Thursday 8 December 2016

Fancy owning a piece of Concorde? It's not as expensive as you think...

Aviation at auction

Published 23/09/2016 | 06:37

CONCORDE – 20th anniversary scale model
CONCORDE – 20th anniversary scale model "F-WTSB" - 1/100th, hand painted wood, on its stand. Autographed by Andre Turcat, pilot on the very first flight. Photo: MarkLabarbe.com
Pair of seats designed by French designer Andree Putman in 1993, missing central armrest and one seatbelt. Photo: MarkLabarbe.com
Concorde's last flight from New York lands at Heathrow on October 24, 2003. The airplane was retired from commercial use on that day following a fall in passenger numbers and high maintenance costs. Photo: NICOLAS ASFOURI/AFP/Getty Images)
CONCORDE, machmeter "Kollsman Corp. N.Y", height: 8,5 cm, width: 8,5 cm, length: 17 cm. Photo: MarcLabarbe.com
A British Airways Concorde takes off from Heathrow airport in London, 2001. Photo: ODD ANDERSEN/AFP/Getty Images)
A British Airways Concorde on a Christmas flight to Finland, December 24, 1987. Photo: Mohamed LOUNES/Gamma-Rapho via Getty Images

Concorde, one of aviation's most iconic creations, is up for sale. But it's not as pricey as you might think.

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The City of Toulouse, birthplace of the supersonic plane, is to host an auction of 1,000 rare Concorde parts this November.

The sale takes place at the Saint Aubin Auction House from November 3-5, with estimates for smaller items starting from just €15.

Up for auction are everything from oxygen masks to flight instruments, menus, mechanical parts and even supersonic toilet seats, according to the Marc Labarbe auction house (marclabarbe.com) in Toulouse.

Pair of seats designed by French designer Andree Putman in 1993, missing central armrest and one seatbelt. Photo: MarkLabarbe.com
Pair of seats designed by French designer Andree Putman in 1993, missing central armrest and one seatbelt. Photo: MarkLabarbe.com

The items can be viewed on exhibit from October 22-30.

Concorde entered service in 1976, with British Airways and Air France operating transatlantic supersonic flights up to late 2003.

With a maximum speed of Mach 2.04, over twice the speed of sound, the aircraft has long since become an icon of 20th century aviation and design.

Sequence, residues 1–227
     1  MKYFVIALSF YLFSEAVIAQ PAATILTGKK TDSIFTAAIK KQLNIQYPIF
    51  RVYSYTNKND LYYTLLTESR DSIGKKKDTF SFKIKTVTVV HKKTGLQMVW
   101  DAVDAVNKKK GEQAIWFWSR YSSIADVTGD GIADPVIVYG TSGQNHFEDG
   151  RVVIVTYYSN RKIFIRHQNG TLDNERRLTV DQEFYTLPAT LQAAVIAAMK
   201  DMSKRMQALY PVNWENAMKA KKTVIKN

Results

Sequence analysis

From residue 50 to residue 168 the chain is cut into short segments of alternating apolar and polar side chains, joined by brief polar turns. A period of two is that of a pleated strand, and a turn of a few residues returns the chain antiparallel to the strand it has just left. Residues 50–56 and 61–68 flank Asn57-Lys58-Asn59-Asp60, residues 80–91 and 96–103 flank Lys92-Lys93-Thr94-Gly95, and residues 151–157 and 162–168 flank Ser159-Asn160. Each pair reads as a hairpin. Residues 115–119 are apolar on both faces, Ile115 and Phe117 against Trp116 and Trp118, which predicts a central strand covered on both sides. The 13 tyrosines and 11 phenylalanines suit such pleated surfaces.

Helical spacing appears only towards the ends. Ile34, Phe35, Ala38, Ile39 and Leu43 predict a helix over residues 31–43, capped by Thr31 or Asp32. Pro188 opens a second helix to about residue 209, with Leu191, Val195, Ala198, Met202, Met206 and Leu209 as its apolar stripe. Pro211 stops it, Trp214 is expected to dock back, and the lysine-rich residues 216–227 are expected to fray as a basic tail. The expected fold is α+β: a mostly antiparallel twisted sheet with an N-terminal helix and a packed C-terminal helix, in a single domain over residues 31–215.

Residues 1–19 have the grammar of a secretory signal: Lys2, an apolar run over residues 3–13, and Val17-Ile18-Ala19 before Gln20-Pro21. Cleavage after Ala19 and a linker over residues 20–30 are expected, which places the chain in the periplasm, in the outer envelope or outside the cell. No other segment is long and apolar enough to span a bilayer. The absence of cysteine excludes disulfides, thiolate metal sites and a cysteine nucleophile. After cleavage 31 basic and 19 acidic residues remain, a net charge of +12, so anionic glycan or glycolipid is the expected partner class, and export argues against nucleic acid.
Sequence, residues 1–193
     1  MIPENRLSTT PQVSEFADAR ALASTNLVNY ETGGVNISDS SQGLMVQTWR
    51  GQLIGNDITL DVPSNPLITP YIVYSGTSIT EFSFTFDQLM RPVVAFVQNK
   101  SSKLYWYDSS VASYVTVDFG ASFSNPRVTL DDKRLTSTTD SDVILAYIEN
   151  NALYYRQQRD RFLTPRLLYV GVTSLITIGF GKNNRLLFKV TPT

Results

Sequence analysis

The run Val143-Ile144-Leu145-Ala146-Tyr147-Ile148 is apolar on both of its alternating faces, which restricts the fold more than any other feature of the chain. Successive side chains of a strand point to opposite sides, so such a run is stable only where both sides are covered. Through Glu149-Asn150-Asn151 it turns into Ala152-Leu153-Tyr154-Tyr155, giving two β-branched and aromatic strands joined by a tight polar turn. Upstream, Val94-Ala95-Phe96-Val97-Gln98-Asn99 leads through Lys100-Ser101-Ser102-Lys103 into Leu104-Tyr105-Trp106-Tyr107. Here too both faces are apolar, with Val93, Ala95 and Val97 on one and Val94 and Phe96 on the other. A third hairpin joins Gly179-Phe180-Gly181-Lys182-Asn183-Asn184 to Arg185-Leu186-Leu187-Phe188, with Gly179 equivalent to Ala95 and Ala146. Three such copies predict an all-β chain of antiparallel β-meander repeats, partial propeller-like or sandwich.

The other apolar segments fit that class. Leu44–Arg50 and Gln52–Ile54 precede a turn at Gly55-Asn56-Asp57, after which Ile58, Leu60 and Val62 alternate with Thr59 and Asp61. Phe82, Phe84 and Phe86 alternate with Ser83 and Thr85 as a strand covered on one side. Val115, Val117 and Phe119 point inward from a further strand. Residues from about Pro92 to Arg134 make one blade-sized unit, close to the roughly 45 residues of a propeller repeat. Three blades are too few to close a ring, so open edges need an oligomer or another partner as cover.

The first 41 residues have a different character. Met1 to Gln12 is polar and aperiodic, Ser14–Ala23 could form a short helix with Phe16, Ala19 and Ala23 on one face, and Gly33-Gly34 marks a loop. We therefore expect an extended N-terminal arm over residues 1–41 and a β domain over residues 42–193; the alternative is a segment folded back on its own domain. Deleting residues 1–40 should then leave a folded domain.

At its peak, transatlantic tickets cost around £8,000/€9,310.

Concorde's last flight from New York lands at Heathrow on October 24, 2003. The airplane was retired from commercial use on that day following a fall in passenger numbers and high maintenance costs. Photo: NICOLAS ASFOURI/AFP/Getty Images)
Concorde's last flight from New York lands at Heathrow on October 24, 2003. The airplane was retired from commercial use on that day following a fall in passenger numbers and high maintenance costs. Photo: NICOLAS ASFOURI/AFP/Getty Images)

Among the most expensive items up for auction at Toulouse are structural parts and seats, with estimates peaking at around €7,000 for the most sought-after artefacts - including machmeters, altimeters or horizon indicators.

Those with the smaller budgets, however, can bid for items like the Air France Concorde Menu (estimated at around €50-80), technical sheets (€15), and various valves, rings, bolts and pieces of piping (from €20).

Concorde toilet seat. Photo: MarcLabarbe.com
Concorde toilet seat. Photo: MarcLabarbe.com

Also for sale is an "exceptional piece of wood marquetry" of the supersonic plane signed by André Turcat, the first pilot ever to fly Concorde.

Other collectors' items from the aviation world up for auction include seats from the Airbus A300 and parts from the Airbus A380.

CONCORDE, machmeter
CONCORDE, machmeter "Kollsman Corp. N.Y", height: 8,5 cm, width: 8,5 cm, length: 17 cm. Photo: MarcLabarbe.com

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